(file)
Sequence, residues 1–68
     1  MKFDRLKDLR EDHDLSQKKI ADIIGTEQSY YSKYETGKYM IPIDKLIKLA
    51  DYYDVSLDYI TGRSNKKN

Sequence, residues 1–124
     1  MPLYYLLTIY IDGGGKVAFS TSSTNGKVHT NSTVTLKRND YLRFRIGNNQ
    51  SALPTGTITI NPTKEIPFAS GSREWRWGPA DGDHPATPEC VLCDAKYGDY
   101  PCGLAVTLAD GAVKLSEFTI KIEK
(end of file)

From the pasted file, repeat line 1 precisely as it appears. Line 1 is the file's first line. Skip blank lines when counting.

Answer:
Sequence, residues 1–68